During his time with Stanley Kubrick, Kerry Shale would have to re-record lines that he claims the director would “rewrite slightly,” generally doing about 40 takes at a time “with no direction whatsoever.” Over multiple weeks, the actor says that Kubrick “broke [him] down, which was his way of working.” Once, Shale agreed to visit despite initially resisting due to his voice being tired after a day of work and an evening spent partying. According to the actor, Kubrick heard his worn voice and immediately sent him back home.
After that, Shale refused to return, but Kubrick insisted he be brought back to record for the “North American release.” For one last time, Shale traveled up to Hertfordshire — near the location where much of “Full Metal Jacket” was filmed — to provide his 40 takes and was told that he would soon be needed for the British trailers. As he recalls it:
“Three or four months later, Leon [Kubrick’s assistant] rang and left a message on my answerphone: ‘Stanley wants you to do the British trailers. It’s urgent. Please call back.’ I didn’t call. The next morning he rang again, but I was in the bath. My girlfriend answered, and Leon asked her to get me out of the bath. I refused, and said, ‘Tell him to call my agent.’ That was the last I ever heard.”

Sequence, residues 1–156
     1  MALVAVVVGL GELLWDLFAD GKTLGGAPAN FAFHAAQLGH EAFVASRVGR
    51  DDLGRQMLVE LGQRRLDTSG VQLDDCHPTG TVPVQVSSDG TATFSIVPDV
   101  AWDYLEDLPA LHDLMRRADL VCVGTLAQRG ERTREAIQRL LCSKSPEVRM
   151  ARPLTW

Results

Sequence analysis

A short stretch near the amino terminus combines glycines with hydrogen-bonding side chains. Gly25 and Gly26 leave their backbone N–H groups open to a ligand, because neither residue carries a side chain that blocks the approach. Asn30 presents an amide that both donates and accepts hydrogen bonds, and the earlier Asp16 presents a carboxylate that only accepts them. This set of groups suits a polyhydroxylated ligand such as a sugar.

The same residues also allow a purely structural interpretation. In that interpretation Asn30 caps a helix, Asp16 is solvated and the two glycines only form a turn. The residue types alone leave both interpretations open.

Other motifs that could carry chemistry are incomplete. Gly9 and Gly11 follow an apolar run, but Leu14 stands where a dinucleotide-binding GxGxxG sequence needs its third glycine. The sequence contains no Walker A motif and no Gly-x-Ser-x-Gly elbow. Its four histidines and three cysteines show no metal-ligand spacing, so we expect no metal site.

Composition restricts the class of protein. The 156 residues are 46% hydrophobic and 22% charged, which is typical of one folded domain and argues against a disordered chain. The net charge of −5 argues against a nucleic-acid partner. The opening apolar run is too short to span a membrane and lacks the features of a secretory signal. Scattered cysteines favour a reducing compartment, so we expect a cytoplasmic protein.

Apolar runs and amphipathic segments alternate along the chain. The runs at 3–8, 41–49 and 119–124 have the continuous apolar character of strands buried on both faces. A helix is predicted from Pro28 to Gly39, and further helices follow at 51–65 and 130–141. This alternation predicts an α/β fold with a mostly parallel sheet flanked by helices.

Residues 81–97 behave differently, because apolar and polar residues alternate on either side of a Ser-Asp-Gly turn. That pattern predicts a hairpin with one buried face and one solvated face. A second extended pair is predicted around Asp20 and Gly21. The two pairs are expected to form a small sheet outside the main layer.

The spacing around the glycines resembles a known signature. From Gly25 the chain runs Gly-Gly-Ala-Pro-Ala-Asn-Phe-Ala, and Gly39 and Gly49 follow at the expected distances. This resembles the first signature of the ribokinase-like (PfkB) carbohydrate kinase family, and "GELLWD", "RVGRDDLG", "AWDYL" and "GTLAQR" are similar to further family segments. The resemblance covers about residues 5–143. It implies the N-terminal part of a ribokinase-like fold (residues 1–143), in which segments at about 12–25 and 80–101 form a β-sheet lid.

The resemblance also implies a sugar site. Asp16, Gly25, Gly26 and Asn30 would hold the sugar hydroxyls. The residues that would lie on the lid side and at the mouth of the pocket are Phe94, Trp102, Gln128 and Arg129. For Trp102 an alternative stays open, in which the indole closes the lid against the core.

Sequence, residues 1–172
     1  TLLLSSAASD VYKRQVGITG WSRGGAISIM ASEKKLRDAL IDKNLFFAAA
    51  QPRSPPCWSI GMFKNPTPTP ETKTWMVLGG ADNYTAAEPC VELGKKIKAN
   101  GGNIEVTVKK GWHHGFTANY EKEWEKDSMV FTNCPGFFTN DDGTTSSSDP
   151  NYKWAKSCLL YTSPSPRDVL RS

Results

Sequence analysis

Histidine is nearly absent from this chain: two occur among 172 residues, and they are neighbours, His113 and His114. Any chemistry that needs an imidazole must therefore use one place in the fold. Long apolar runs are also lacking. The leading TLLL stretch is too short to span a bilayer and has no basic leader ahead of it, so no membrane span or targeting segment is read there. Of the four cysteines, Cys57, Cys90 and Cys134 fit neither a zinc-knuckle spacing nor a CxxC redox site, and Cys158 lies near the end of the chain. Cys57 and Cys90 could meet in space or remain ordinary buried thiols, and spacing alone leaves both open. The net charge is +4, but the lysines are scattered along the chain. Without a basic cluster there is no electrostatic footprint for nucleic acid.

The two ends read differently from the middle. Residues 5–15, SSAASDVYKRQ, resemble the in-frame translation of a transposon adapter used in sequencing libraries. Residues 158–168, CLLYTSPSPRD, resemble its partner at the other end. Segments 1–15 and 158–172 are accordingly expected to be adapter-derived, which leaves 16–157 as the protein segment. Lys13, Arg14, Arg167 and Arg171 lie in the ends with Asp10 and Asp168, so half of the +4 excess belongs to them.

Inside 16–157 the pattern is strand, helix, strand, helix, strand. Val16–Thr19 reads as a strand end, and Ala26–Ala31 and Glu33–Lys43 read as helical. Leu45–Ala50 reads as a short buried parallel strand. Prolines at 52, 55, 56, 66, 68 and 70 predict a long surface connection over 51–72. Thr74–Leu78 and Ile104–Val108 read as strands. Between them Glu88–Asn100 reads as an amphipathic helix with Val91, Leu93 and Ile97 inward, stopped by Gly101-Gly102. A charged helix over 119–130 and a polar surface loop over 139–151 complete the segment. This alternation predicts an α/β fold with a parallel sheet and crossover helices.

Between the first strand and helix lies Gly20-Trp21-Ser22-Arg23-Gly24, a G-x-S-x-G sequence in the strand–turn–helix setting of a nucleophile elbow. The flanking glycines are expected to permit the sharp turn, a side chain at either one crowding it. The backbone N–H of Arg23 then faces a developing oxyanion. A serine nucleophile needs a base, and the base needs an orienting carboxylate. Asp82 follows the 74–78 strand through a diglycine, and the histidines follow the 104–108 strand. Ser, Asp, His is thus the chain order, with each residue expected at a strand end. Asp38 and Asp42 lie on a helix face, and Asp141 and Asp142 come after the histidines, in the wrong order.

Some time after “Full Metal Jacket” debuted, Shale’s agent got a call from someone in Kubrick’s office who, according to John Baxter’s book, claimed Shale had “agreed to do all the recordings for his test fee alone,” and offered £120 a session. The actor considered launching a court battle but ended up begrudgingly taking a settlement of £1,000.